When the Truth Is in Poor Taste
I did it today, though I promised myself I wouldn’t. I googled abortion pics. What I saw didn’t surprise me—I’d seen those images growing up—but they did leave me breathlessly ill. Stored in the basement of my childhood home, were packs of pamphlets in rubber bands. We played down there on the olive green carpet that covered half the teal-tiled floor. And sometimes we’d peek at those basement photos while driving our baby carriages or washing dishes in our plastic sink.
Those pamphlets showed photographs: ripped legs with blistered skin, brick red torsos, and cords like worms all swirling around in trash bags. My sisters and our dolls coexisted with those glossies. They didn’t bother us: we had the absolute confidence that none of us would ever, ever, ever kill a cute little baby.
Little booklets laid perfectly in our pink hands as our family picketed the Women’s Center Saturday mornings. My Mom pocketed my other hand to protect me from the dead of Winter. So we walked down the sidewalk beside the rusted graveyard fence, crossed the street, and walked back beside our Catholic friends. Their prayers were like songs, those monotone songs—Sister Joan spent six weeks in jail singing songs for her cause.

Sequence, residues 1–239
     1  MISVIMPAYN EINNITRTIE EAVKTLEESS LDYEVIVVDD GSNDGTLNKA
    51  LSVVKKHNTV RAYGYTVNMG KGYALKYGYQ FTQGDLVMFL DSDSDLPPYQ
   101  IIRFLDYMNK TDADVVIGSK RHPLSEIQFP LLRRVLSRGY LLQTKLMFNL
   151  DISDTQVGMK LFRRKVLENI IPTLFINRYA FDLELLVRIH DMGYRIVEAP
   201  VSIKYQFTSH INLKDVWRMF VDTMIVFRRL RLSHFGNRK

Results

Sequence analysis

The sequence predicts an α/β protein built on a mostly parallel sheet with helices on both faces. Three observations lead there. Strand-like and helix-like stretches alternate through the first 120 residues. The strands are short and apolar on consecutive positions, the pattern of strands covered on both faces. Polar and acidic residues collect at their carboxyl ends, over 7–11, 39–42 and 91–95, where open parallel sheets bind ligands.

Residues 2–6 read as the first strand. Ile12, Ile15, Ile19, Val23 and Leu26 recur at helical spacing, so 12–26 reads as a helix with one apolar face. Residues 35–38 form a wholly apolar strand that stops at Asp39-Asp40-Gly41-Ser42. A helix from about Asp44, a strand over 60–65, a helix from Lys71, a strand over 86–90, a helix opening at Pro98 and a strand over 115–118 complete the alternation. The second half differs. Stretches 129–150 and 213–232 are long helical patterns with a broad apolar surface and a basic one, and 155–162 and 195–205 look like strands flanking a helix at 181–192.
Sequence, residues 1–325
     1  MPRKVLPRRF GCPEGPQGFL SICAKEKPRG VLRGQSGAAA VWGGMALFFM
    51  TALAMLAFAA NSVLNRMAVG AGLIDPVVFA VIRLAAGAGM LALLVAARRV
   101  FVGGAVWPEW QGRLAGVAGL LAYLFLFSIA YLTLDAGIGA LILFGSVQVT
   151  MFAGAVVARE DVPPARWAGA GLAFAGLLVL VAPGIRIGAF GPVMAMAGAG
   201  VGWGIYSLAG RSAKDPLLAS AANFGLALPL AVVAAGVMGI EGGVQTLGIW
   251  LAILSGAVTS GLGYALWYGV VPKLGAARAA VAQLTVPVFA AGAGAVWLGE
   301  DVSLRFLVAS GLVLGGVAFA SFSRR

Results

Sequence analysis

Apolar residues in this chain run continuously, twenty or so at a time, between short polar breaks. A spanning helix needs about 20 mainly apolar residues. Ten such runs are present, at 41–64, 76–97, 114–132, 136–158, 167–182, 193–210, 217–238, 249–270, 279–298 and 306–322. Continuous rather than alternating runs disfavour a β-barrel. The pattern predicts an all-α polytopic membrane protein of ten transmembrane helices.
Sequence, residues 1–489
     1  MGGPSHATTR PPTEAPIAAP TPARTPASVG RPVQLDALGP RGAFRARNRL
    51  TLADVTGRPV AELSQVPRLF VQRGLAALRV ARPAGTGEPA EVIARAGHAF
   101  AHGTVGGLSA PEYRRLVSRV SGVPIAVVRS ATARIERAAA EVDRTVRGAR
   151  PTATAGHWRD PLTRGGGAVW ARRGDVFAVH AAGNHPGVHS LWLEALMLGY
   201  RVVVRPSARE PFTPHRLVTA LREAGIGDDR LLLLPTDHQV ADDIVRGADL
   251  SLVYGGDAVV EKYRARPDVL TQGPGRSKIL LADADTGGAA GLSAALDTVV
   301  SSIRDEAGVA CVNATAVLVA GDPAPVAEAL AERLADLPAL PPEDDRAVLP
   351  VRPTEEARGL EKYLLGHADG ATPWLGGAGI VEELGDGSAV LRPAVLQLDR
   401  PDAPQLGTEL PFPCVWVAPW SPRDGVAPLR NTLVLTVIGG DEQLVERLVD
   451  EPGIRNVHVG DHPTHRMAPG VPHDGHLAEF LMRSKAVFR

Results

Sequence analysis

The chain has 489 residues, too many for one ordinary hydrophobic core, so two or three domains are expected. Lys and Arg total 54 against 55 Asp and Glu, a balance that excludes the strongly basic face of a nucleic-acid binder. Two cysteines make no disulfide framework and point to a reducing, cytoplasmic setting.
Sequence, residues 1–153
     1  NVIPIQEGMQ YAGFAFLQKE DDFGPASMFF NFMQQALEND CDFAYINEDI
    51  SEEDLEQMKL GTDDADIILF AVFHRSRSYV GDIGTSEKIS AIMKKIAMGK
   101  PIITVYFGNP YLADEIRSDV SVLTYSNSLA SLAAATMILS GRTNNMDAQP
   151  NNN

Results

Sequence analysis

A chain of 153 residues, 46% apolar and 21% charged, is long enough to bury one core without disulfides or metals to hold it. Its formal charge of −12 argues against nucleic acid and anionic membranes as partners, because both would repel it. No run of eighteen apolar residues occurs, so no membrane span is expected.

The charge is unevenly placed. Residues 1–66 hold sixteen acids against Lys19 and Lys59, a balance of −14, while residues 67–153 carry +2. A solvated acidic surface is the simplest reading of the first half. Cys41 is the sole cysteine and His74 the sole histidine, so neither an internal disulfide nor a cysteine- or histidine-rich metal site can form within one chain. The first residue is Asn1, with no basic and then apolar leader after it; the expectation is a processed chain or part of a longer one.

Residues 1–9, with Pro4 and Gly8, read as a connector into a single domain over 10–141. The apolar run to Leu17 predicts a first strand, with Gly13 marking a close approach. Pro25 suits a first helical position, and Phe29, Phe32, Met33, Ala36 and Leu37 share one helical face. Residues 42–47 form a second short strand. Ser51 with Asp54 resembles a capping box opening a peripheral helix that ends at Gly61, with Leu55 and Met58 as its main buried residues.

The promise itself of never, ever, ever is a dangerous, useless safety net: today, as I perused the pics from those garbaged child parts, I remembered why in college I made the choice I did. Because my life is blessed—some call it cursed—with a weedy bouquet of options to weigh